Research Report Distributional Effects of Reforming Social Security through Benefit Reductions
Gordon B. Mermin
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To address Social Security's long-term financial imbalance, some policymakers have proposed reducing benefits below the levels scheduled in current law. This report examines the following options for reducing benefits: (1) indexing benefits by price growth instead of wage growth; (2) indexing benefits by price growth for high-income workers and wages for low-income workers (progressive price indexing); (3) reducing the annual cost of living adjustment; and (4) raising the retirement age. Unlike other policies, progressive price indexing potentially eliminates most of Social Security's 75-year deficit without increasing hardship for vulnerable retirees. However, if continued indefinitely, it would significantly reduce Social Security's role in providing retirement security for middle-income workers.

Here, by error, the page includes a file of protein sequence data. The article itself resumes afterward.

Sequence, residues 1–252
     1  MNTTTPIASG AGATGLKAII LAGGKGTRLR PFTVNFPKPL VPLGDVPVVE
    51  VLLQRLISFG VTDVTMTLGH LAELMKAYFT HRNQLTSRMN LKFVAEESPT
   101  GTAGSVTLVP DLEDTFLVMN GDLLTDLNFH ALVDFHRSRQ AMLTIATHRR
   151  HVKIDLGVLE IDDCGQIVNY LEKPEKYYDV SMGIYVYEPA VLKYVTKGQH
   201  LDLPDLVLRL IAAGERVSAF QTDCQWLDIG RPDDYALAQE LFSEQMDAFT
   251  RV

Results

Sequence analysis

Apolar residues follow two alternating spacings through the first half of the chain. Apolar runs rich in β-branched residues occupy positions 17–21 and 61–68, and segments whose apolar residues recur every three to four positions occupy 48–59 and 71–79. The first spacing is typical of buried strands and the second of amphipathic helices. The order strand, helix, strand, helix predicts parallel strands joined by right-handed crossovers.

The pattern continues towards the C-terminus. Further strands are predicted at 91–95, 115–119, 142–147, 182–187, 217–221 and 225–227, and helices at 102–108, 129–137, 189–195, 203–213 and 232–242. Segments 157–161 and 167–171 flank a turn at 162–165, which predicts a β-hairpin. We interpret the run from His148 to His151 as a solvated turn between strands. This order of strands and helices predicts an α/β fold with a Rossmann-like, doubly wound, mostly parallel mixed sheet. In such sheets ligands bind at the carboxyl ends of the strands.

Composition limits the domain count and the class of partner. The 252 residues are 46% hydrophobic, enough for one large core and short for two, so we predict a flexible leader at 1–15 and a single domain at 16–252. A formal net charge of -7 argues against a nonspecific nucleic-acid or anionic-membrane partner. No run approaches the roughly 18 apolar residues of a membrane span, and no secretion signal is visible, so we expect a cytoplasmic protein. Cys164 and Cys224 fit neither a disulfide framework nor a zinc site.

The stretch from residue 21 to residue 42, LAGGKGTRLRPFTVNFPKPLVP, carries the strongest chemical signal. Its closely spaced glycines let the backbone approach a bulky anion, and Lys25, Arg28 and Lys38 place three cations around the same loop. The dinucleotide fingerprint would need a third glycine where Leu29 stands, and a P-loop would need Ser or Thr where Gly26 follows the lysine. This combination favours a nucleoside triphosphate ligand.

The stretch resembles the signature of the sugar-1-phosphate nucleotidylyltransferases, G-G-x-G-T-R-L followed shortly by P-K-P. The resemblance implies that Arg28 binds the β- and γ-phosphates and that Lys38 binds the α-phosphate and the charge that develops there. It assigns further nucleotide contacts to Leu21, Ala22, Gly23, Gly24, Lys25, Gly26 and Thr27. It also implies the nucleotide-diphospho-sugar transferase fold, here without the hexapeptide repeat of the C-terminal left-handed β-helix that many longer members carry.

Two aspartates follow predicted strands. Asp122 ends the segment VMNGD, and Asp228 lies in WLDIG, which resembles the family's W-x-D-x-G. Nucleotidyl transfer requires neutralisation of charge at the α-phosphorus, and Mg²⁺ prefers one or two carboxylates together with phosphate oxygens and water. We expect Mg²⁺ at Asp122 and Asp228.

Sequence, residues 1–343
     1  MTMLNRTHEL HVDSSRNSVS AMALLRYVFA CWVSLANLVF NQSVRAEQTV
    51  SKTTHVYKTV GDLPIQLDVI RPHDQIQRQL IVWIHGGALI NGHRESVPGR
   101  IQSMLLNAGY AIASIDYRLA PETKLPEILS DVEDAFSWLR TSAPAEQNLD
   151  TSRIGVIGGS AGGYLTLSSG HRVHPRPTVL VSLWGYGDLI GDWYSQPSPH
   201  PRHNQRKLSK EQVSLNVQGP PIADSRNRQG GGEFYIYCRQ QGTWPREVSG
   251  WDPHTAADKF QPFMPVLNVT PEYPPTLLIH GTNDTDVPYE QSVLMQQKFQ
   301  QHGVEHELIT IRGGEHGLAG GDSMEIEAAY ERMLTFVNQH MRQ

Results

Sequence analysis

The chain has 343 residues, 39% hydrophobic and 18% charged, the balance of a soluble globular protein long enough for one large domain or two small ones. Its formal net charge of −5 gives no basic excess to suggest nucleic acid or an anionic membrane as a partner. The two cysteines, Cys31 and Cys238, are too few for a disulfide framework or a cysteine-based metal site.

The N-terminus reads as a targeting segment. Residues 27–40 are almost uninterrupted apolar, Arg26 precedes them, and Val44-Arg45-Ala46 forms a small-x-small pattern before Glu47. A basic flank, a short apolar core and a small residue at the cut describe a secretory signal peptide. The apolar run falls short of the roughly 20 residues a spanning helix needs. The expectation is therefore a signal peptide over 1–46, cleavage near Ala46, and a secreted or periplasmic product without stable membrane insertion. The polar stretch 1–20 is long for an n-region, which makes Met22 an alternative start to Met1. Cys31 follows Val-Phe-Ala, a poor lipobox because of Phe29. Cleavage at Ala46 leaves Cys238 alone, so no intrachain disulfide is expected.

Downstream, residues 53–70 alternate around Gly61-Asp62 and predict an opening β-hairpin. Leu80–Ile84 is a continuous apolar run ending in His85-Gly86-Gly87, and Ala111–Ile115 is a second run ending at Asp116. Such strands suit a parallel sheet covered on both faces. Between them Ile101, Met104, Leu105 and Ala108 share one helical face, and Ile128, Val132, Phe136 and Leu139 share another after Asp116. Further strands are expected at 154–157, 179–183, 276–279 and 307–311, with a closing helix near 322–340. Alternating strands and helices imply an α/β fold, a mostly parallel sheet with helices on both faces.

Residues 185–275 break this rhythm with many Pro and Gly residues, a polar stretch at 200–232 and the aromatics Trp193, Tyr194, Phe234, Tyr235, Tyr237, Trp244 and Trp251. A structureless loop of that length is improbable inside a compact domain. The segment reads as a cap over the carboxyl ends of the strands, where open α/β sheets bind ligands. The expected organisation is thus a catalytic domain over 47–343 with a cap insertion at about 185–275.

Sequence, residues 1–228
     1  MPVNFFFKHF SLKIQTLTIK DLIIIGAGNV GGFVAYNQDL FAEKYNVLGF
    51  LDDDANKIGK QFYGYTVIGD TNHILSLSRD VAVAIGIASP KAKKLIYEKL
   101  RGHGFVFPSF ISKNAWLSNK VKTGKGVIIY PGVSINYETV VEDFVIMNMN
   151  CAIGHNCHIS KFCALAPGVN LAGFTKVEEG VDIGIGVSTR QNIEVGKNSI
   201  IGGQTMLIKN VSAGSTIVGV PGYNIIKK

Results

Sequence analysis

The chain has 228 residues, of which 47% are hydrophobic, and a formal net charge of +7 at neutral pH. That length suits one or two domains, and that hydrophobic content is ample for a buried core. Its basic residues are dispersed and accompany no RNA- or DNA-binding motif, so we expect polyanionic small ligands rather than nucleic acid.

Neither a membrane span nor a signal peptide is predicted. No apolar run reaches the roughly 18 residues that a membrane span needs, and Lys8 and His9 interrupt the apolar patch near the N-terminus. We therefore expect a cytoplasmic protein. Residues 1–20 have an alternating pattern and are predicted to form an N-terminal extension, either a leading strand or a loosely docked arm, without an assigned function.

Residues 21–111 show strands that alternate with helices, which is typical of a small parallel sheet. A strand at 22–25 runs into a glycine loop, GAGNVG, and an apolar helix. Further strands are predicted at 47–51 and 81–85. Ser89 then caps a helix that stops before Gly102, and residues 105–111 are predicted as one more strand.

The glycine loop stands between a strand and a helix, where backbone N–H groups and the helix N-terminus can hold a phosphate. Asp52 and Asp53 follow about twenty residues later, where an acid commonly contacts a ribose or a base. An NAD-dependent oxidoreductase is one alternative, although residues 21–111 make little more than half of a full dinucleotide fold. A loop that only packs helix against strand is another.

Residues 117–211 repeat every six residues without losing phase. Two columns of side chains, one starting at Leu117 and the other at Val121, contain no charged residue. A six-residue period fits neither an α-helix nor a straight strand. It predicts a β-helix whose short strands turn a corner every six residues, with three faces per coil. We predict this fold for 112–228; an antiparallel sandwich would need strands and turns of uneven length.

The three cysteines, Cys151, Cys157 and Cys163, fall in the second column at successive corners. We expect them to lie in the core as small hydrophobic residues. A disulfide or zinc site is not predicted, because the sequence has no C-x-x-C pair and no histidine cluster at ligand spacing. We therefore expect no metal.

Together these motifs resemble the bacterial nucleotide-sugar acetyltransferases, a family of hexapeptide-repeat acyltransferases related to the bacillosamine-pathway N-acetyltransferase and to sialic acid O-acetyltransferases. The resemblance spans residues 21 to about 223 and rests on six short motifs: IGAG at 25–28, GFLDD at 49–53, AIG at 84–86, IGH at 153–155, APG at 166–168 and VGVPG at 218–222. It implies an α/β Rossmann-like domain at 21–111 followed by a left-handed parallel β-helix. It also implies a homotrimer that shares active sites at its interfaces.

Research Areas Aging and retirement
Tags Social Security Economic well-being Pensions Retirement policy
Policy Centers Income and Benefits Policy Center